Once you’ve exhausted your current customers and prospective customers, look elsewhere in your network. If you’re stuck, start by looking for people on LinkedIn who you have mutual connections with and might fit your target personas.
4. Third-Party Networks
Next, it’s time to find people from outside of your company and network. It’s a good idea to use a third-party market research platform that rewards users for participating. Try Usertesting, Inbox Dollars, Swagbucks, and others.
Make it easy for the people you find to say yes by
- Offering an incentive
- Making it clear that this isn’t a sales call
- Being as flexible with the time as you can.
Questions to Ask in Persona Interviews
Feel free to remove questions or add other ones depending on what is appropriate for your business.
- What is your job title?
- How is your job performance measured?
- What does your typical workday look like?
- What skills does your job require?
- What tools do you use at your job?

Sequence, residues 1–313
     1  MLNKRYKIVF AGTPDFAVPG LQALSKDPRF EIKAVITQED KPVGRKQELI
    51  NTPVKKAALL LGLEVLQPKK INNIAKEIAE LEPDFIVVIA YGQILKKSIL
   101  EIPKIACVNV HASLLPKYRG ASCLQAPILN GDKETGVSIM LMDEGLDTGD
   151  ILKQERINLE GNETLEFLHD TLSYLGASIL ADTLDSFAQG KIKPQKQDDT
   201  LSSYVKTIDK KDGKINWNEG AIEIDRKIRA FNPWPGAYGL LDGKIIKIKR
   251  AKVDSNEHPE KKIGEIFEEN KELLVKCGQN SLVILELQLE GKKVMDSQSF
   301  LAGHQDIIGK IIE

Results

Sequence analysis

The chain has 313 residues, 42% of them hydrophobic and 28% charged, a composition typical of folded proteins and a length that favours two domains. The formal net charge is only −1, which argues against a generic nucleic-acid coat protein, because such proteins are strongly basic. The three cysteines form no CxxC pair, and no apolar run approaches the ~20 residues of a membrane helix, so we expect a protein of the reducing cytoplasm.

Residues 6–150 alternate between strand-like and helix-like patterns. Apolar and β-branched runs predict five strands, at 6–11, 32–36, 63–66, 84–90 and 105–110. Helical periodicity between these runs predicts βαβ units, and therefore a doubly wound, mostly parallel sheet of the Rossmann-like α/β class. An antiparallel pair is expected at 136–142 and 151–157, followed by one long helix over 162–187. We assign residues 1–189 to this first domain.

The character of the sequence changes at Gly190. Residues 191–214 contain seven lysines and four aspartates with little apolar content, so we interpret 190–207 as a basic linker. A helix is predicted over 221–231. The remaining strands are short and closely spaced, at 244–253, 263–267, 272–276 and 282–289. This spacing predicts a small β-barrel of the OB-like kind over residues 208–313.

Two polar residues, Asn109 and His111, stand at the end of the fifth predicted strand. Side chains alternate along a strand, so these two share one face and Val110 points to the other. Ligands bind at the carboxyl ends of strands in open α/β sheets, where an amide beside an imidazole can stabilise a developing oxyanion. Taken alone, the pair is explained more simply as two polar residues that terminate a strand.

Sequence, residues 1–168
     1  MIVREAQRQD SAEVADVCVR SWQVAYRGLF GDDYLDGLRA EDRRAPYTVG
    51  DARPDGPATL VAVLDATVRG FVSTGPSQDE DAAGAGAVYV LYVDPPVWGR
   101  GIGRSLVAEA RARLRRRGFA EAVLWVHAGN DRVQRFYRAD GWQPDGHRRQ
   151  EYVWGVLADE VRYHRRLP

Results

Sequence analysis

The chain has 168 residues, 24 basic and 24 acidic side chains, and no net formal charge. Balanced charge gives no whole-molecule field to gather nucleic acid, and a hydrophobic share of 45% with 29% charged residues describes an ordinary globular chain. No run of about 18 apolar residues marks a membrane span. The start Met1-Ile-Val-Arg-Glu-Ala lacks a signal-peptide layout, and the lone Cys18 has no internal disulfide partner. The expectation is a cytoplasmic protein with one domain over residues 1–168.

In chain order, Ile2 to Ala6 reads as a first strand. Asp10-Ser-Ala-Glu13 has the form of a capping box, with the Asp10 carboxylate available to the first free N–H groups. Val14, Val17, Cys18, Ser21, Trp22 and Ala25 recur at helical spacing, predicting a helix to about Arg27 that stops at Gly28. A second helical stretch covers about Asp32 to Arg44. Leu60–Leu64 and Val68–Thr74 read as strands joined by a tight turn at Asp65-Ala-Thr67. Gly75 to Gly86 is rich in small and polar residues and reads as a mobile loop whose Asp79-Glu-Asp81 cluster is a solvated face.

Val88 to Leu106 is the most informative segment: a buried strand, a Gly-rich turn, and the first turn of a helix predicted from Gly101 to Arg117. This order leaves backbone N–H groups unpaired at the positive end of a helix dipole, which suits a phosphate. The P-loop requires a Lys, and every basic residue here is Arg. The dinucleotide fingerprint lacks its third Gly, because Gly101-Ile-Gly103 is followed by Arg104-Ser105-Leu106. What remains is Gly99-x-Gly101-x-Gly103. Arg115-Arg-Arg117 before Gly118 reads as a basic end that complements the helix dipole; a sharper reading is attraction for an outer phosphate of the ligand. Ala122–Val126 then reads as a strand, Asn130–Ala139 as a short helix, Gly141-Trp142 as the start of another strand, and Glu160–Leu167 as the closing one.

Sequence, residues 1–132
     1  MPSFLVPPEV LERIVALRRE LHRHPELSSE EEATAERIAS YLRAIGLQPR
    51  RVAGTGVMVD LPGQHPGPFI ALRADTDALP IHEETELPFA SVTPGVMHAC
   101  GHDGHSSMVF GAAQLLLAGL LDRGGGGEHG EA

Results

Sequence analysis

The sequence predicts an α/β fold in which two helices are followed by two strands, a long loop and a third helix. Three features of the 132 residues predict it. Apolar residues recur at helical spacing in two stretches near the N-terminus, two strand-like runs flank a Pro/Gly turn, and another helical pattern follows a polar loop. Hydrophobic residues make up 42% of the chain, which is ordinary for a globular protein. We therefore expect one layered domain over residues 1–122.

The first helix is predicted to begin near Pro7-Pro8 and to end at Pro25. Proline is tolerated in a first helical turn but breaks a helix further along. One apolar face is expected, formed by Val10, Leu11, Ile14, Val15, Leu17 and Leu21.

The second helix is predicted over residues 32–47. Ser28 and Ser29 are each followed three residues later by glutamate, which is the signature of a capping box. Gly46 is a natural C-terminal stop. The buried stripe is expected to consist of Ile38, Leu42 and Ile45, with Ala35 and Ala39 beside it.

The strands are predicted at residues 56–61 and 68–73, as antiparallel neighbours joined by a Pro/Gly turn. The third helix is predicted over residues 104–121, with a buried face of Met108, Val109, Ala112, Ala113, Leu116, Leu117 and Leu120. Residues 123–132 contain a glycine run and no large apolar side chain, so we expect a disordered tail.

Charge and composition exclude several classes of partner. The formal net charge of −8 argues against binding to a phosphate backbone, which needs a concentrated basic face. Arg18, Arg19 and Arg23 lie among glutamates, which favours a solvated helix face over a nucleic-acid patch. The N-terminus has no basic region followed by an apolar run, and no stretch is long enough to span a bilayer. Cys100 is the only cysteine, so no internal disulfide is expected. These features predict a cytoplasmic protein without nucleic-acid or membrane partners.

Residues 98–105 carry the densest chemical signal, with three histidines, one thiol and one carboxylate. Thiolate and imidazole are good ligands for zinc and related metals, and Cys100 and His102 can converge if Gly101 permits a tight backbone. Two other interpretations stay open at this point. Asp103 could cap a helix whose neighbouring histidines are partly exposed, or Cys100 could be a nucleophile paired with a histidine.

- Who do you report to? Who reports to you?
- What industry does your company work in?
- How many employees are in your company?
- What is the revenue of your company?
- What are you responsible for?
- What does it mean to be successful in your role?
- What are your biggest challenges?
- How do you learn new information for your job?
- What publications or blogs do you read?
- Which networks do you participate in?
- Describe your personal demographics. What age group are you in? Are you married? Do you have children?
- Describe your educational background. What level of education did you complete? Which schools did you attend? What did you study?
- Describe your career path. How did you end up where you are today?
Shopping Behavior Questions
- How do you prefer to interact with vendors? Email, phone or in-person?
- How do you research information about vendors?
- Describe the decision process of a recent purchase.
How Sav Can Help